At some point during their childhood, almost every kid dreams about being in a rock band and becoming a rock star. Here in Davis, a rock-and-roll program called RockBand University gives kids the chance to fulfill their rock star dreams.
The program was started in 2008 by Mike Clements, a guitar instructor at Watermelon Music. He heard about a rock band camp that a music store in Washington, D.C. used to have and was inspired to start his own program in Davis.
After a few ups and downs, he was finally able to start it in the summer of 2009, and it was a massive hit. Parents wanted to keep the program going after the first summer session, so Clements gathered up his resources and RockBand University was formed.
Clements says that the main thing Rock Band University teaches the students, ages 10 to 18, is how to play in a band with other people. They learn about stage presence and musical equipment and techniques.
“A lot of my students couldn’t get themselves into bands and it was hard for them to be motivated without something like this hanging over them, and now that I’ve seen the kids in band, I know it was a good idea,” Clements said.
Each session in RockBand University lasts for six weeks. During those weeks the students are matched up based on their musical abilities and put into bands. During each session, they are expected to learn three to four songs, which they perform in a concert at the end of the six weeks.
The 2011 spring session concert was held last Sunday at the Brunelle Theater.
This concert is the most exciting part of the program for many of the students. That was certainly the case for students Tazio Capozzola and Sam Goodman.
“This is the best experience I’ve had, especially getting to play on stage. It’s really cool,” Capozolla said.
Capozolla and Goodman, along with another friend, formed a band that they named Tanak. All three of the band members are 12 years old. They have been a part of RockBand University for two to four years and have been playing their respective instruments for much longer. They had six weeks to practice the three songs they performed at the concert.
A unique aspect of this program is that the kids have a lot of say in what songs they choose to perform. Clements and fellow instructor Evan Daly give them suggestions and recommendations for which songs would work for each specific band. However, the kids have a lot of freedom in choosing songs. Clements said that his main guideline for songs is that they fit in the allotted time; other than that kids can pretty much choose anything they like.
Julie VanDam, whose son Carson Janke performed on Sunday, said she feels it is very important to let the kids decide what they want to play.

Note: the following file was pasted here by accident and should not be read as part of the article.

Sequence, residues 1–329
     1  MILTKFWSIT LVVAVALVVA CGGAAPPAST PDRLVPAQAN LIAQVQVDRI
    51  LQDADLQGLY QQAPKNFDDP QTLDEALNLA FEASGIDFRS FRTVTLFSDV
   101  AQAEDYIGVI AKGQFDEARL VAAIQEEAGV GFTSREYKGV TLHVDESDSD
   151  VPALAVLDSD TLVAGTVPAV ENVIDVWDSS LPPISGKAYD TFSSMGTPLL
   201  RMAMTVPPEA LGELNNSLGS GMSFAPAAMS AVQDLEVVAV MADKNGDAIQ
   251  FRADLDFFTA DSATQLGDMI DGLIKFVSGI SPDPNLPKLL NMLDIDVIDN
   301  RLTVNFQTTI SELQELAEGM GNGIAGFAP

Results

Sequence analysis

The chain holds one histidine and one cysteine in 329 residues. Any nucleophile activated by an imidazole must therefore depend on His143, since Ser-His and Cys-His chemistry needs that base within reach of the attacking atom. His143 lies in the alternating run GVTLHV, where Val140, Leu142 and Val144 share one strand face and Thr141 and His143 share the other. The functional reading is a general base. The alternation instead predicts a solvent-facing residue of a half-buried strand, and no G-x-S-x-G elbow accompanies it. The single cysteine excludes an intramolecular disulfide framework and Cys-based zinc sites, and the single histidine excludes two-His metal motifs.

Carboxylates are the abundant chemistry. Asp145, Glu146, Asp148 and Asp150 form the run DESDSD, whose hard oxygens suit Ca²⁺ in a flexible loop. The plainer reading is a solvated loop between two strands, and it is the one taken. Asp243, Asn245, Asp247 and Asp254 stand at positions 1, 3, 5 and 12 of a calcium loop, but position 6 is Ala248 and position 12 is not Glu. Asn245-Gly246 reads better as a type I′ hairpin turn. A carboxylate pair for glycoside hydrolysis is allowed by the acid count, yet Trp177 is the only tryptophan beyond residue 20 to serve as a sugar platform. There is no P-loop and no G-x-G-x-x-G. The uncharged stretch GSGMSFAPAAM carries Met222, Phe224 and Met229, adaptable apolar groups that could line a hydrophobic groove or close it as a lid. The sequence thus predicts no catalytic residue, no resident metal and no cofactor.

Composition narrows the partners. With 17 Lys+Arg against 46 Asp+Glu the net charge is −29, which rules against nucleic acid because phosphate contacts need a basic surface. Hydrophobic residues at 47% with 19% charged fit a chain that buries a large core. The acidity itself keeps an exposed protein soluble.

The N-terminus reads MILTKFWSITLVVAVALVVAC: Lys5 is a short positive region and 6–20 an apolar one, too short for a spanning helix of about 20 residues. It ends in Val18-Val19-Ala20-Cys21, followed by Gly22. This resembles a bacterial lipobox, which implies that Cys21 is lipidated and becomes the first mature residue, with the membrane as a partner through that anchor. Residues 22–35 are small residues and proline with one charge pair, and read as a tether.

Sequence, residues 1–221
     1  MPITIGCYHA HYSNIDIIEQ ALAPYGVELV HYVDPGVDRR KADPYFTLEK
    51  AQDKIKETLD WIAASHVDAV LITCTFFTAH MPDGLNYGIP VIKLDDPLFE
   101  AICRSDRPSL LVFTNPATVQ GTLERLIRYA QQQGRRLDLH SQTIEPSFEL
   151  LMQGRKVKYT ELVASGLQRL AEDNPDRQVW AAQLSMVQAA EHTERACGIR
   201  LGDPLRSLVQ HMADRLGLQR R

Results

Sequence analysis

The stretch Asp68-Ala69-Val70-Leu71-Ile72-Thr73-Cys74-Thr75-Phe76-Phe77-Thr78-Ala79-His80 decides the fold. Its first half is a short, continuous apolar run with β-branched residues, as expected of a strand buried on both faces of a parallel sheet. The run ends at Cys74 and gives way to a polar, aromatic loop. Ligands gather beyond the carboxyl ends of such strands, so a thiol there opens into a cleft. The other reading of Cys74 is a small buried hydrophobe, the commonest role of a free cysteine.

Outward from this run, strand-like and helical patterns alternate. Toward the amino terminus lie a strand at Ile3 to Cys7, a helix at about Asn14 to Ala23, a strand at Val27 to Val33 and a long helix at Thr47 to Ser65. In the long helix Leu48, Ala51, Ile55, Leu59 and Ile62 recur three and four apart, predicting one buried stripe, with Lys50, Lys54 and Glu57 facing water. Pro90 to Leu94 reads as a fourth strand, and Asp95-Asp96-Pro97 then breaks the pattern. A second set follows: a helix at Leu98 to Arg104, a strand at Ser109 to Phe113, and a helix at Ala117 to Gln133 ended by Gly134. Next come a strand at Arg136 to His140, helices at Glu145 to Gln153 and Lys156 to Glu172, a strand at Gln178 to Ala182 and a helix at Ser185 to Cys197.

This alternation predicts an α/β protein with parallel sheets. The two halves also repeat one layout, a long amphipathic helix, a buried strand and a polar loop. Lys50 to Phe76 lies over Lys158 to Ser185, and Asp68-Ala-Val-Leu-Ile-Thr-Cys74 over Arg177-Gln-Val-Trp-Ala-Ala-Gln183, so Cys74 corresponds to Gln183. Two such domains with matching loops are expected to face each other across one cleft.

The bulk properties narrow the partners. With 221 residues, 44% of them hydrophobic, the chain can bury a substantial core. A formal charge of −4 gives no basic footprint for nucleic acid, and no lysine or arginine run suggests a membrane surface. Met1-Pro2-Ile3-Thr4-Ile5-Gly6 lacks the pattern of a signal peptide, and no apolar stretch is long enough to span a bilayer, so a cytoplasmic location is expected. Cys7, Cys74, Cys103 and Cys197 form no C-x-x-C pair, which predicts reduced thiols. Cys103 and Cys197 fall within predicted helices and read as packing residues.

“So much of their life consists of other people telling them what to do, so this is a way to keep them interested in music and motivate them. Performing is very confidence-building, which is important,” VanDam said.
A big part of the experience of RockBand University is learning how to have a rocking stage presence. For many of the kids, it helped to have their family and friends in the audience cheering them on while they performed.
“I have a bunch of family that came to watch me today. I get to show them my talent and all the stuff I’ve learned, which is really cool,” said Goodman.
Parents were equally thrilled to be able to watch their children perform and see all their hard work pay off.
“I obviously love watching my son but it’s really fun to watch all the other bands as well, there are a lot of talented kids,” VanDam said.
Almost all parents feel that the program has greatly increased their children’s musical abilities and given them more confidence with their musical talent. This session was the first time parents Dianna and Mark Jenson have been involved with RockBand University. They have been very impressed with the program so far and have seen progress in their son Bryan’s musical talent and range.
“Our son’s been able to learn some music he wouldn’t have picked up on his own. He’s been playing Green Day songs, which he loves, but he wouldn’t have started playing them on his own,” Mark Jenson said.
A big reason for the program’s success is the dedication of the instructors. Clements states that the direct student-teacher access he gets out of the program is the best part for him.
“There are a lot of teachable moments that pop up and I capitalize on every one of them. Seeing the kids come out of their shells and grooving around a little more, getting more creative, just giving them a little more confidence all around is the best thing about the program,” Clements said.
This program is geared for any kids with musical experience who are curious about what it is like to be a part of a rock band. RockBand University is accepting applications for their next session until April 26, and the session starts on May 1. For more information on signing up and the program in general, visit rockbanduniversity.com/.
PAAYAL ZAVERI can be reached at firstname.lastname@example.org